Effects of blood products on nosocomial infections in liver transplant recipients

Exp Clin Transplant. 2013 Dec;11(6):530-6. doi: 10.6002/ect.2012.0286. Epub 2013 Jul 31.


Objectives: Infection is the most severe complication after an organ transplant. Blood cell transfusion is an independent risk factor for adverse events, including infection in the recipient. This study sought to evaluate the effect of blood product transfusions on nosocomial infections in liver transplant patients.

Materials and methods: Patients who underwent a liver transplant at our hospital between 2003 and 2010 were recruited for this study. Exclusion criteria were incomplete records, patients who were hospitalized for more than 48 hours during the 4 weeks before transplant, and pediatric transplants. Incidence of nosocomial infections, which were defined as infections occurring within 30 days after transplant was the primary endpoint.

Results: The incidence of nosocomial infections was 28.7%. The number of transfusions of packed red blood cells and fresh frozen plasma was significantly higher in patients with nosocomial infection compared with patients without nosocomial infection (P = .018 and P = .039). Blood products dose-dependently contributed to nosocomial infections. Transfusions of ≥ 7.5 units of red blood cells (odds ratio: 2.8) or ≥ 12.5 units of fresh frozen plasma (odds ratio: 3.27) were associated with nosocomial infections (P = .042 and P = .015). The infection-related mortality rate was 10.3%.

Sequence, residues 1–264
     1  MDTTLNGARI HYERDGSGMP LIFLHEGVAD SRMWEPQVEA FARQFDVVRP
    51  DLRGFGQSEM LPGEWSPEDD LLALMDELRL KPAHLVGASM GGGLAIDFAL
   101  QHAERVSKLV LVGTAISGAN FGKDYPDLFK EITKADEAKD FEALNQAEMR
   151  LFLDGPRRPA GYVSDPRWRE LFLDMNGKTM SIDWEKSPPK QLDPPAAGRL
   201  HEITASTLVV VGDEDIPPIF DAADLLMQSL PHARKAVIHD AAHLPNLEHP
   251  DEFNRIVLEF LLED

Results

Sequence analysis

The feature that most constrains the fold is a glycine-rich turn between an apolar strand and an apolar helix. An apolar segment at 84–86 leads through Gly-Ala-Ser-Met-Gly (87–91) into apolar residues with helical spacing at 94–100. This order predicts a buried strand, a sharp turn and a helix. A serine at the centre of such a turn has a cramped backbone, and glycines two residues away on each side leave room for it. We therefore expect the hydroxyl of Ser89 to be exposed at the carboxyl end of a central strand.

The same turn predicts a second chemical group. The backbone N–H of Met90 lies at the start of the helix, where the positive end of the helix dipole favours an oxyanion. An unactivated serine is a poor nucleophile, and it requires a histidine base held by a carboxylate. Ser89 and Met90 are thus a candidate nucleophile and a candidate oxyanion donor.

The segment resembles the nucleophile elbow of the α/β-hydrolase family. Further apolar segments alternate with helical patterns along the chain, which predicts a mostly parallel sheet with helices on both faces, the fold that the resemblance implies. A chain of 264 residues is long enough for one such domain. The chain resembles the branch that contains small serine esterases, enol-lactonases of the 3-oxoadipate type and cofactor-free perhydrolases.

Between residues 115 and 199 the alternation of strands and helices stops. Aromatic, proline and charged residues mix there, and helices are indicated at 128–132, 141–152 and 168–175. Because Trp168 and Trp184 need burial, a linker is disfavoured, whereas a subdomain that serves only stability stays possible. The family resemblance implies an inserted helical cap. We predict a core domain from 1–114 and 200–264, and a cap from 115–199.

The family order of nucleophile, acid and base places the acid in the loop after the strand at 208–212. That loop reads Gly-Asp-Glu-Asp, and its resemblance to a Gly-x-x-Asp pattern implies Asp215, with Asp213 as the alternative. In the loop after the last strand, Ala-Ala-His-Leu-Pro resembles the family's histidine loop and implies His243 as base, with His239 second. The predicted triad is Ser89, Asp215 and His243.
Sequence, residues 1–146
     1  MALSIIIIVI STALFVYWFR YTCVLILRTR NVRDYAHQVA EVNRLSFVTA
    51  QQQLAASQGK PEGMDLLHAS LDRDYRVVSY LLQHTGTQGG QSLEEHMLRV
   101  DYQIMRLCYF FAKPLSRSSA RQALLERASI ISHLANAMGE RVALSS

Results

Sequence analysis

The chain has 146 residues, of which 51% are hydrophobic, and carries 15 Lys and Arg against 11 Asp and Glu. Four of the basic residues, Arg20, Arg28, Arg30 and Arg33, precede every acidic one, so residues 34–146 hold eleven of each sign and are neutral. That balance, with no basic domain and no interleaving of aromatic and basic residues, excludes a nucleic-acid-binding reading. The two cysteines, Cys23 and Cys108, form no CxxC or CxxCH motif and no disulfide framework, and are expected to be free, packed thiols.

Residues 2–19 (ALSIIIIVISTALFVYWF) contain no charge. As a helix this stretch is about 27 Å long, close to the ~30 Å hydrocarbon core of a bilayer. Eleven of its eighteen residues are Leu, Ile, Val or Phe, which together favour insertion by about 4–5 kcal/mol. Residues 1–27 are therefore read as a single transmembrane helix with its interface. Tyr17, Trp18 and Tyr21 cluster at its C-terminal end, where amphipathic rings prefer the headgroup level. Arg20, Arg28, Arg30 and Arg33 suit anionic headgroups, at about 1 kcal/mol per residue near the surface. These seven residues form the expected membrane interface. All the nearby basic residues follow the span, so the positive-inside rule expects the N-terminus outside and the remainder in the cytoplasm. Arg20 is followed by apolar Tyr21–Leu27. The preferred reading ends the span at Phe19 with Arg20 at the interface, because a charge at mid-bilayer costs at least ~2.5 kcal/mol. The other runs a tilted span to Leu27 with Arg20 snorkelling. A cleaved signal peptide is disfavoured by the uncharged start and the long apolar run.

Conclusions: Blood product transfusions are associated with an increased rate of nosocomial infections, which contributes to higher morbidity and mortality.

MeSH terms

  • Adolescent
  • Adult
  • Cross Infection / epidemiology*
  • Erythrocyte Transfusion / adverse effects*
  • Erythrocyte Transfusion / statistics & numerical data
  • Female
  • Gastrointestinal Diseases / epidemiology
  • Humans
  • Incidence
  • Liver Cirrhosis / surgery
  • Liver Transplantation*
  • Male
  • Middle Aged
  • Plasma*
  • Respiratory Tract Infections / epidemiology
  • Retrospective Studies
  • Risk Factors
  • Transplantation*
  • Urinary Tract Infections / epidemiology
  • Young Adult